• So now, I have a thin layer of UV gel put over my own nails after the "white" being painted on.  There are much less chemicals involved in the gel then the acrylic or powder, and you need to put your nails under a special UV light to get them to "cure" (harden.)
  • I bring my own tools and files and pedicure equipment, and my salon gives everyone a little "box" to keep their stuff in.  They also autoclave all of their equipment so if you don't have your own, they break out the equipment from a little plastic bag where it has been sealed after being autoclaved, same as at the dentist.
  • I usually wait three weeks before having the "fill-ins" which leaves enough space near the cuticle so they can stay far away from it with the dremmel.  I also have my own dremmel heads in my box, the fat round one and the skinny fine one. 
  • I have been using the same lady, and have explained to her my problem that I do not want my cuticles cut, and that she must be very careful with the dremmel or she will never see me again.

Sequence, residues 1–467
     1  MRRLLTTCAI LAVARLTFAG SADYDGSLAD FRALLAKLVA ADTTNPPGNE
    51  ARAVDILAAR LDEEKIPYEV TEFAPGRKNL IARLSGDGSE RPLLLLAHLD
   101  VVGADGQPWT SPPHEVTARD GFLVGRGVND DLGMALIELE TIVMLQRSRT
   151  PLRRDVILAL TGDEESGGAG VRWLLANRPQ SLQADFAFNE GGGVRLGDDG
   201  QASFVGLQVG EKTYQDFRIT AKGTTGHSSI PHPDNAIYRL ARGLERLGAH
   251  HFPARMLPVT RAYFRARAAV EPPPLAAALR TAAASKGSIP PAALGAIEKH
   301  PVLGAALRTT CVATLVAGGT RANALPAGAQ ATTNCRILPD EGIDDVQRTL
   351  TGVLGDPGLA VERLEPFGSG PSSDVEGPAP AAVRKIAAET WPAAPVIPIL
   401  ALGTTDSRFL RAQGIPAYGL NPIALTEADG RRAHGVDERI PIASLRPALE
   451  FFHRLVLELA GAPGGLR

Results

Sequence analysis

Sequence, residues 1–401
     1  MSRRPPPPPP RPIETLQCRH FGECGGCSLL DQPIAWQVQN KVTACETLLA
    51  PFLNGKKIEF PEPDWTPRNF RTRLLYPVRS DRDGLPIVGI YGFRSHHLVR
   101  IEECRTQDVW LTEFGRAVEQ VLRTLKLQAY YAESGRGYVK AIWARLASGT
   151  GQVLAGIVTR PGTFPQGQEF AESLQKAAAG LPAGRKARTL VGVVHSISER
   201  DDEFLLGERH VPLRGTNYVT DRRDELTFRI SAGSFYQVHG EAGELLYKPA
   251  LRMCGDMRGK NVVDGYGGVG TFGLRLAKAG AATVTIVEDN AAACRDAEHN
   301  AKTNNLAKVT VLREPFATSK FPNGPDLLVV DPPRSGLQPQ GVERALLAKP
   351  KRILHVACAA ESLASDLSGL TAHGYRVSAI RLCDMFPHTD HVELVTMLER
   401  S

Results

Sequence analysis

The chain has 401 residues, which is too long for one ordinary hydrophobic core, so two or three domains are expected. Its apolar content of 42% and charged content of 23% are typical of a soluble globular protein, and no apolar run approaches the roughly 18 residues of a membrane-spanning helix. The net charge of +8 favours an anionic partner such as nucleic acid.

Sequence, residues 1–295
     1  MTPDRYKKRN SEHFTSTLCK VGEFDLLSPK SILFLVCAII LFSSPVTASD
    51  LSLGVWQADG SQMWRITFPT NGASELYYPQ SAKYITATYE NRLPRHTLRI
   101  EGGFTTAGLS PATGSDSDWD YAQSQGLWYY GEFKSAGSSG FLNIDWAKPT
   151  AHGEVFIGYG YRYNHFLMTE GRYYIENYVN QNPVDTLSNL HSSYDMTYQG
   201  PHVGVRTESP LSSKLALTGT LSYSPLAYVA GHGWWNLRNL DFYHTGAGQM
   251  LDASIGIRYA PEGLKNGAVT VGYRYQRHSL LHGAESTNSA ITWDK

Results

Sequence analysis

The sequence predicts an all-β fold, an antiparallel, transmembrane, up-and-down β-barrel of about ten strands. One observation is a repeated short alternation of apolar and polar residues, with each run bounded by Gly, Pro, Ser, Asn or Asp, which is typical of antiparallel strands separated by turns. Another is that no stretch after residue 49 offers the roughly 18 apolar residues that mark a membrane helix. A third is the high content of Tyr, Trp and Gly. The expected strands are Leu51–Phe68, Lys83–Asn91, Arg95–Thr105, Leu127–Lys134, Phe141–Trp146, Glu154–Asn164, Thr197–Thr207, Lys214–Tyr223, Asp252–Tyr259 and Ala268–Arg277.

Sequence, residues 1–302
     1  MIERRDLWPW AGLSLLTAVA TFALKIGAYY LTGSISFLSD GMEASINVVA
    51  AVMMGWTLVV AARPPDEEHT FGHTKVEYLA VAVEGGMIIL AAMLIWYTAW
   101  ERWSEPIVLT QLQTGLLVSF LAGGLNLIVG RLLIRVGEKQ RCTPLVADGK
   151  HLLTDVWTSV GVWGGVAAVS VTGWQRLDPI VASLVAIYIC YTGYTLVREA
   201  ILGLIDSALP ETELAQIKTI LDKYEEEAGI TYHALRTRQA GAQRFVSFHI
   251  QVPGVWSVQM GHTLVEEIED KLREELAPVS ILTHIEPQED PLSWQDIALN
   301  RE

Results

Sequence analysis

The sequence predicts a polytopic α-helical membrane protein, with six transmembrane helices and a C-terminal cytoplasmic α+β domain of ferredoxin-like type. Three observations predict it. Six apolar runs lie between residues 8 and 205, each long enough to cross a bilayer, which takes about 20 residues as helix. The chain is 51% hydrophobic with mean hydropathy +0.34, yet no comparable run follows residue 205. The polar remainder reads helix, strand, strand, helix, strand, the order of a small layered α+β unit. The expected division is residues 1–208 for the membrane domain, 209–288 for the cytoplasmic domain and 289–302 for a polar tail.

• Afterwards, she sprays my hands thoroughly with Sea Breeze, and when I get home, I give them an "alcohol dip" to make sure they are germ free, and I also cream my hands with Lotromin (anti-fungal cream)  and my feet with it also after pedicures, in case I could have picked up any fungus.
  • So far I have not had any problems, knock on wood.  But I think taking the extra precautions if you want to continue to have your nails done is well worth it.
  • The UV gel is a little more expensive, but it is much "smoother" after being under the UV light, so many times she can do without the dremmel altogether and just use a nail file or one of those square buffing things to smooth them before finishing.
  • Also, we find the longer you keep your nails, the more little "shovels" you have for bacteria, germs, etc.  So, we always keep a nail brush near the anti-bacterial soap and wash and brush under the nails frequently throughout the day.  OneBadBoob

 

 

Page Last Modified 09/29/2015

All medical information presented on this page is the opinion of our Editorial Board and Experts.  See our "About us"  and "Resources" pages.